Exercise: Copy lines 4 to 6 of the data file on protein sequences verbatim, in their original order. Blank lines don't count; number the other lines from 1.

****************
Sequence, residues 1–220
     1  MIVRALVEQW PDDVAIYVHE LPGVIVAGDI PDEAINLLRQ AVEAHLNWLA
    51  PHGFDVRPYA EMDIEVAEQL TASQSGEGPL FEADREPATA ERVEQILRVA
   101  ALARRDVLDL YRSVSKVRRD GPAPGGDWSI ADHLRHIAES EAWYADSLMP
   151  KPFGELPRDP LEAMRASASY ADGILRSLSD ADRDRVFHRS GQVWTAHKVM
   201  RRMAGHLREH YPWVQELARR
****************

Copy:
   101  ALARRDVLDL YRSVSKVRRD GPAPGGDWSI ADHLRHIAES EAWYADSLMP
   151  KPFGELPRDP LEAMRASASY ADGILRSLSD ADRDRVFHRS GQVWTAHKVM
   201  RRMAGHLREH YPWVQELARR